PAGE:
Estimated reading time — 7 minutes
Rumor had called this section in the vast city where I found my dwelling Old Hope, and it was often said that dreams of industrializing and modernizing the untamed Western coast had been rooted here by humble Americans. Those of the past had toiled under the hot sun shedding blood and tears to erect the small town that, with age and determination cultivated into an ever expanding city. There was, in the mindsets of these fabled bright eyed pioneers nowhere else where the ideals of hope could exist. If they could have foreseen current times, however, they would have never ventured here from their homes.
Absurd was the idea of this place having any connection the words like old and hope. Old implied that this section should be worthy of class, wisdom, culture, and elegance. Such things were only shadowy impressions left by condemned buildings past their grandeur. Hope, if such a word ever existed here, had been violated brutally and left to die alone in the gutter. Old Hope itself was but a symbol of an embalmed corpse left on display for mockery.
I had not come here by volition but by necessity. Lacking the proper experience to be thought of as professional in lines of employment, I had been numerously and cold heartily rejected from over fifty jobs I had applied for. Salvation came from this decaying Old Hope as I had been hired as a bus boy for a modest bar in the evenings, whilst my afternoons were spent as a stock boy for a local market. The pay was meager, but sufficient enough that I soon gathered surplus. Soon I was able to acquire a $400 apartment in Old Hope, surmising it simpler than journeying by bus.
Grateful though I was for work after such disheartening rejections, the atmosphere surrounding daily life there was vile and repugnant. I likened it to a cancer that not only wore on the buildings by weathering and dilapidation but marked itself on its very residence. Their faces conveyed the doldrums of never changing repetition, eyes without expression, living but dead. Those, who were not native to this section of the city like me, always seemed hesitant of interaction as if keeping silent was an unwritten law of Old Hope.
Solitude colored my nights in my humble apartment as floor I lived on lay vacant, although I was told Room 17, the one across from mine, was in-use. I had never seen anyone besides my landlord and his family enter or exit the apartment. Sleep came easily enough; despite the howls of dogs and the low roaring whistle of nearby cargo trains.
In the back of my mind, there was a constant and nagging sensation that seemed to warn me that something was nightmarishly twisted about the very streets I walked daily. It was an intangible phantom waiting to pounce at every corner.
It was dread.
Accumulating, slowly and hauntingly, with each passing day.
No matter the time or hour.
I spent what freedom I had away from Old Hope. Horizons became limitless for me in such small hours, for I could go to places far from that rusting pit, where people where alive and talked freely without showing fear. Despair always crept back upon me, as the buses did not run past six on the weekends and the walk back to what I called ‘home’ from the closest stop was not shot.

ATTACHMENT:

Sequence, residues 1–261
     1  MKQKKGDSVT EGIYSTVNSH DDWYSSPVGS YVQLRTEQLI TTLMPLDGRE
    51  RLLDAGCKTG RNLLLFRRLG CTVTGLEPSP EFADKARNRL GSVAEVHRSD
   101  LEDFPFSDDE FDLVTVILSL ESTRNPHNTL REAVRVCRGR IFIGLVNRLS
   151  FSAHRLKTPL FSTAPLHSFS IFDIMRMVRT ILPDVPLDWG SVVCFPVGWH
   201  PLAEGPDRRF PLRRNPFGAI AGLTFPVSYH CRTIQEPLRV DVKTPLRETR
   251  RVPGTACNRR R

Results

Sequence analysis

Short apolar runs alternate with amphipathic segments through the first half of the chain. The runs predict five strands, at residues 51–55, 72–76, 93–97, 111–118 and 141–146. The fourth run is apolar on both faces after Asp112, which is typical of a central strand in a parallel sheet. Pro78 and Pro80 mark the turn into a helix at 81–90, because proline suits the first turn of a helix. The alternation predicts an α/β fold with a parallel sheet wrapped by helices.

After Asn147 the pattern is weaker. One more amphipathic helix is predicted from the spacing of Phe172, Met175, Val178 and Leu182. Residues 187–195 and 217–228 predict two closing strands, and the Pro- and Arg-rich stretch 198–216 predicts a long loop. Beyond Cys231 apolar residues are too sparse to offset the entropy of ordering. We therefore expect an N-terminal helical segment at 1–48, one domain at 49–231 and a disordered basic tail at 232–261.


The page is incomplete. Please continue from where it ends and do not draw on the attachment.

Hence, my sense of normality was always crippled by that dark truth. I did not fear Old Hope at dark, for I loathed it in all aspects equally. Night brought no peace to it just as day did. Even looking upon a starlight sky became a phantasmal horror, for it seemed as flickering stars were giving their dying breaths. The moon, when it shined down upon the long forgotten spires that lined the skylight conveyed the ghoulish crypt of a rotting kingdom.
All of this was but a prelude to the true, tangible fear that caused me to recollect and write. The hour is of no importance; only that the day had been hot and overbearing. I was working in the market, stocking a few packs of cigarettes and matches behind the counter. At first, I thought it was only an illusion conjured up by my mind after dealing with daily paranoia and overwork. Glancing again out of curiosity with more attention and at greater length, my eyes widened in fear, my mouth drying, sweating beating down my brow as I began to tremble in shock.
It was an old man in a very dirty brown suit with a crooked pattered tie that was loose around his neck like a twisted noose. Atop his head nestled a tan cowboy hat whose tassels whereas tattered as his suit. He wore thick rimmed glasses that would look more akin to an older woman than a man. Worst of all, his face was badly battered in burns and scabbing that looked to be rotting away.
I stifled a scream but it stuck to my throat and sunk back down into my lungs. The man grinned wide, showing a moth full of yellow teeth and crawling maggots. I felt my stomach churn in pain watching this cadaver of death parade itself.
I knew this person…
I had loved this person…
It was my own grandfather who had not died a year ago!